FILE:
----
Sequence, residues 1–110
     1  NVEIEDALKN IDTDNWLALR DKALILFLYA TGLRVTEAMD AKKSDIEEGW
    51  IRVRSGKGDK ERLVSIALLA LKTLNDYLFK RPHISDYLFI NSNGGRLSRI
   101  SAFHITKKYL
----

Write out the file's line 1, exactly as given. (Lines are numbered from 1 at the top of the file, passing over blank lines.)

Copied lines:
Sequence, residues 1–110